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Filtering by Tag: Mark Harris

The Spies Have It: Mission: Impossible — Rogue Nation, reviewed.

Chris Klimek

The Mission: Impossible film series is 19, long enough in the tooth for its earlier installments to start to acquire the same time capsule effect that makes me love even the worst James Bond movies. I watched Brian De Palma's 1996 Mission: Impossible the night after I saw the new one, subtitled Rogue Nation, and John Woo's barely-related 2000 M:I-2, the night after that. Yep, blockbusters are different now.

Trying to articulate just how was part of the chore of writing my NPR review of the fifth impossible mission, from Jack Reacher writer/director Christopher McQuarrie. Short version: I liked it. But I had more thoughts about it than I could shoehorn into the review, so here're a few outtakes.

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What the Movies Taught Us About World War II Aviation

Chris Klimek

I wrote this fun piece for my day job. It appears in our May 2015 issue of Air & Space / Smithsonian, now on sale at Barnes & Noble and other fine booksellers and newsstands, as well as the National Air & Space Museum. It's our 70th anniversary of V-E Day issue, which – because it'll be out in time for the Arsenal of Democracy Flyover on Friday, May 8th (the actual anniversary) – includes pull-out Spotter Cards you can use to identify the silhouettes of the two dozen vintage warbirds that'll be buzzing over your head a few minutes past noon if you come down to the National Mall on that day.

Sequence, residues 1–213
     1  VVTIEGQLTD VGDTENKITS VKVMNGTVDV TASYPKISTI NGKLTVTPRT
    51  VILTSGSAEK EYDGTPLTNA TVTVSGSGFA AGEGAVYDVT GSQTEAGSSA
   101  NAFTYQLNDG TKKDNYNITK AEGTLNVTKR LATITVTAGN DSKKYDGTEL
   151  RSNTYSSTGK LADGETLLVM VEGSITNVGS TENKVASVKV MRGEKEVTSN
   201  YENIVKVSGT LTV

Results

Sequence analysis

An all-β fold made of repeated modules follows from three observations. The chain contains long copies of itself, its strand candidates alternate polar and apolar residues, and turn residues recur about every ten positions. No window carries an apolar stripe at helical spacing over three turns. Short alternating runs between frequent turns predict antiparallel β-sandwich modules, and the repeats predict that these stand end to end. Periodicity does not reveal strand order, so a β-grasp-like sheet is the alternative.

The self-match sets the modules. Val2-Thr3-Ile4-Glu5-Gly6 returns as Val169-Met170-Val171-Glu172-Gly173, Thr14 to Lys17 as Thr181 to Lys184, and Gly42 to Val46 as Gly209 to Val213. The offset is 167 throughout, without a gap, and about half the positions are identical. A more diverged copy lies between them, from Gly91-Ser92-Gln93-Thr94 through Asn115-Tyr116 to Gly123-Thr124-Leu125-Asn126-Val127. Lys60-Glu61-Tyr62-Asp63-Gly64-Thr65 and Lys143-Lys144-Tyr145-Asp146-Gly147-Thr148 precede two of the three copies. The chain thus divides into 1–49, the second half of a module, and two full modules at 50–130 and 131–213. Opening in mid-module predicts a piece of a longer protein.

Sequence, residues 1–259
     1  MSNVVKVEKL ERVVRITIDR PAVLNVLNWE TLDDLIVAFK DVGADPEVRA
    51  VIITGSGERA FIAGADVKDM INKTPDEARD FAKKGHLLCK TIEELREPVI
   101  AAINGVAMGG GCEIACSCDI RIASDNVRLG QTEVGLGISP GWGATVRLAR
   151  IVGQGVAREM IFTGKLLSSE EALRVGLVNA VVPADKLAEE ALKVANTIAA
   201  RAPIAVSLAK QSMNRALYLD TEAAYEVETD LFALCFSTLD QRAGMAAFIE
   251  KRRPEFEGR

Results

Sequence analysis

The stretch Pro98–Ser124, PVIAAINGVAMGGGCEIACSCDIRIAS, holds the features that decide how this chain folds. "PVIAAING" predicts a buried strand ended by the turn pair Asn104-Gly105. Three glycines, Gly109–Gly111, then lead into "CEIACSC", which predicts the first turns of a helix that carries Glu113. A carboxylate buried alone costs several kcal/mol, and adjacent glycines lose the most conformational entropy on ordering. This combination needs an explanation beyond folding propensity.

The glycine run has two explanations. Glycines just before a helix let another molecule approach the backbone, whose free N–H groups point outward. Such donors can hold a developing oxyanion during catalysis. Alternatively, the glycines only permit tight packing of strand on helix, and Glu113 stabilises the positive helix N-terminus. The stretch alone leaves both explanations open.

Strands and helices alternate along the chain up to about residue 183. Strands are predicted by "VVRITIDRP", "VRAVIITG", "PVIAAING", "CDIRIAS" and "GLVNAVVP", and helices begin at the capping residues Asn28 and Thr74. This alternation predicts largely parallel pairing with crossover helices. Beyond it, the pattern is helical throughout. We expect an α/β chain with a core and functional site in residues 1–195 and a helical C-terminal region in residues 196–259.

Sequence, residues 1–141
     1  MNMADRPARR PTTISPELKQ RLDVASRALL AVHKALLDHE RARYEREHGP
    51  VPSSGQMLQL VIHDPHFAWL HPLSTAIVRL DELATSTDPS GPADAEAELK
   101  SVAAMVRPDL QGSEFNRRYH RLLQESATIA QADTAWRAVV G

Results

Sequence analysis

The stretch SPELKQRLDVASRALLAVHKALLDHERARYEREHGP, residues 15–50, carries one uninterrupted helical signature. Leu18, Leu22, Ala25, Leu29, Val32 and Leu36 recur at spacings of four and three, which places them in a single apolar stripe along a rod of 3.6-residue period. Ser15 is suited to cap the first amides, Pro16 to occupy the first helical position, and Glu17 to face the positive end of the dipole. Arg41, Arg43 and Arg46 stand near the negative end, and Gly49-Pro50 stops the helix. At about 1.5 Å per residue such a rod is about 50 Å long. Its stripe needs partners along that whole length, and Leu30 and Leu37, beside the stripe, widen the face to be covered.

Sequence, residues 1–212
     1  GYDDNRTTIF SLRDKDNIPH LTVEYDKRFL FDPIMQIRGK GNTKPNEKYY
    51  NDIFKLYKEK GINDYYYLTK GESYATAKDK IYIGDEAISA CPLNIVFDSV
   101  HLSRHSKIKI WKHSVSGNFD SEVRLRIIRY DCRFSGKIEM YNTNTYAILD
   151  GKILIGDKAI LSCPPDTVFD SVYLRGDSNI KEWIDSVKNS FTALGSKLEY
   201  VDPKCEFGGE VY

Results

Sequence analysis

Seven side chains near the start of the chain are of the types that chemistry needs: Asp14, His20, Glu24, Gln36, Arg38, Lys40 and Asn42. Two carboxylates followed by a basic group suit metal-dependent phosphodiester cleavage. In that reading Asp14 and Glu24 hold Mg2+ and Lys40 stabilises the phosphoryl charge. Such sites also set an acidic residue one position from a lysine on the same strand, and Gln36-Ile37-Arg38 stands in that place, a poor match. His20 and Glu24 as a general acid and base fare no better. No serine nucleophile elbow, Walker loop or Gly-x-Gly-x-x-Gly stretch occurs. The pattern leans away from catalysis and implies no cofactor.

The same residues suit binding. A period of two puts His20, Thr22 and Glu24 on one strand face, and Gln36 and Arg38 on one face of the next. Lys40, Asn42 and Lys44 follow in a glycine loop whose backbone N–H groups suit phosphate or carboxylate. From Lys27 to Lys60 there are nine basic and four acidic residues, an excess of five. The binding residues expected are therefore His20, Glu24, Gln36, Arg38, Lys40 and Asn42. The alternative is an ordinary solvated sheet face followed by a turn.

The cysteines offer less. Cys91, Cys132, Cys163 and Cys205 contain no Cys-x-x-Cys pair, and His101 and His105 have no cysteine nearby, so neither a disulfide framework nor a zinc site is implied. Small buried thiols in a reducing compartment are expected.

For the record, I do think William Wyler's The Best Years of Our Lives is the greatest of the films I surveyed – if not the greatest flying movie – save for Michael Powell and Emeric Pressburger's 1943 masterpiece The Life and Death of Colonel Blimp, which I had occasion to mention only fleetingly. (The photo at the top of this post is of Roger Livesey and Anton Walbrook in that film.)

Mark Harris's book Five Came Back was an invaluable resource for me while writing this story.

Memorandum No. 56: Watch Sex Hygiene, the movie wherein John Ford directed Superman and Batman

Chris Klimek

"Most men know less about their own bodies than they do about their automobiles."

John Ford, who made Stagecoach and The Searchers and The Man Who Shot Liberty Valance and who won the Academy Award for Best Director four times – not for any of the first-rate pictures I've just named – also made a sex-ed film for G.I.s in 1942, the same year he collected his third Best Director Oscar for How Green Was My Valley.

Okay, maybe that's only funny to me. Anyway, if you think it's worth 26 minutes of your life to learn how not to catch syphilis from – in the charming patois of Sex Hygiene – "a contaminated woman," you can watch this not-so-casually misogynistic but highly informative short above. Even if you're already fully briefed on how to protect yourself from the predatory vaginas of dirty, dirty whores, this film has at least two other things to recommend it.

1) It features the greatest reaction shots ever captured on film.

2) Eisenhower-era TV Superman George Reeves and Robert Lowery, who played Batman in the 1949 serial Batman and Robin, appear together briefly in an early scene, so if you want a preview of what next year's Batman v. Superman: Dawn of Justice will be like, well... it will probably be like this, at least in hair-gel terms.

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Diamond Dawgs: Bang the Drum Slowly, reviewed.

Chris Klimek

Evan Crump as Author  Richie Montgomery as Bruce in  Bang the Drum Slowly . (Johannes Markus) 

Evan Crump as Author  Richie Montgomery as Bruce in Bang the Drum Slowly. (Johannes Markus) 

I've never been a big sports fan, but I'm weirdly susceptible to baseball stories. I found American Century Theatre's stage adaptation of Mark Harris' 1956 baseball novel Bang the Drum Slowly to be an anachronistic pleasure. My review is in today's Washington City Paper.